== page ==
Sit down and stretch if you want to get up and run

Tue, Mar 5, 2013, 00:00

“Truth is that yoga is a practice that will support you at any stage of life. When you are young, in your 20s, the body repairs faster from strain. But once you are in your 30s and 40s, tight muscles get tighter and others get weaker, this imbalance inevitably leads to chronic pain and injury. Pain will stop you from doing what you love long term. Long-term yoga practice can bring the body into balance so that you can continue to run and do sport for many years to come.”

Is it something people can do at home as well as in a class?

“Absolutely. Once you know what to do, the only thing you need to practise yoga is your body. Eventually most people continue with a home practice and incorporate yoga into their daily exercise.”

Do you recommend people replace a running session with yoga, or do it in conjunction with their running programme?

“It might be good to replace an easy run day with a yoga session. This will give the body and muscles the opportunity to restore. A longer yoga practice will allow you to go deeper, and work on the tighter muscles and weaker areas. It will also give you the opportunity to gain ‘body wisdom’ – learn how the body works and how to take care of it by spotting the source of the imbalance or strain. This is a skill that comes with practise.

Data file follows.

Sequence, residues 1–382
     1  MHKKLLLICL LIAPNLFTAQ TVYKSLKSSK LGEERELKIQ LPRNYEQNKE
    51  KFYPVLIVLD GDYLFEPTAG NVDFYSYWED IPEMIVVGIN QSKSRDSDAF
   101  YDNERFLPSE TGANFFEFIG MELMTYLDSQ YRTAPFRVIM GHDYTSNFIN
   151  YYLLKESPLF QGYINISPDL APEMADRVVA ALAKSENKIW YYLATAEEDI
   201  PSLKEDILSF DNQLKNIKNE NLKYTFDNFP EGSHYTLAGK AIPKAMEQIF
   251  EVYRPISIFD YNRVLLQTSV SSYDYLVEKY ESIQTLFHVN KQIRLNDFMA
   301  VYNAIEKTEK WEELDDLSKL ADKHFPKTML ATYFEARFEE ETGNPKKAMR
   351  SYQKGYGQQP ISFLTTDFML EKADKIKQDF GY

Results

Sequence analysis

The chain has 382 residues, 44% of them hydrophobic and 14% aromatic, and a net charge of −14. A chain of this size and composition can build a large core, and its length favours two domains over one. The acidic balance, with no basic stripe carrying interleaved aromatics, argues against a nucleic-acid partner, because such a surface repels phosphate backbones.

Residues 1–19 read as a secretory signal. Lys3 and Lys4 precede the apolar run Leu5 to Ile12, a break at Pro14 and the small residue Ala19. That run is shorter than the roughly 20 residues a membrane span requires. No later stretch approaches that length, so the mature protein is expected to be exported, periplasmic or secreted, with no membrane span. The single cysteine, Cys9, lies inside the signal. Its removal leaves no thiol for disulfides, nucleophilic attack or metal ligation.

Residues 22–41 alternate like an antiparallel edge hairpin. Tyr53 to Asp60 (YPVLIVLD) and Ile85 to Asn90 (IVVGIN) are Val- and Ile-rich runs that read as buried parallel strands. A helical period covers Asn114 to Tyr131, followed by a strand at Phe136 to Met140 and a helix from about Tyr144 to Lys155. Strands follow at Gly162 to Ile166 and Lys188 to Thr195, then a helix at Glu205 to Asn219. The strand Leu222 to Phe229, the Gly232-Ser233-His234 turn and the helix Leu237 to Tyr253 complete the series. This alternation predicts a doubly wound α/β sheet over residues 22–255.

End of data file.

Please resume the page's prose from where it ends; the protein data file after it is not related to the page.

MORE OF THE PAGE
“Ideally, you want to incorporate some yoga within each training session. For example, start to incorporate yoga in the warm-up and cool-down of your programme. The beauty is that the technique you learn in yoga and the principles of alignment can be applied to any stretch to make it efficient.”

What are some basic positions that you recommend?

“I would focus on poses that lengthen leg muscles, series of hamstring, quads and calf muscle stretches. Hip openers are important and core strength is essential.

“In general, standing yoga poses are a great way to start. They build strength and it’s easier to access tight leg muscles and hips. A good yoga pose will integrate all of the different body parts together in balanced action. You engage and extend the body as one.

Kanta Barrios’s Yoga Fundamentals Course for runners,

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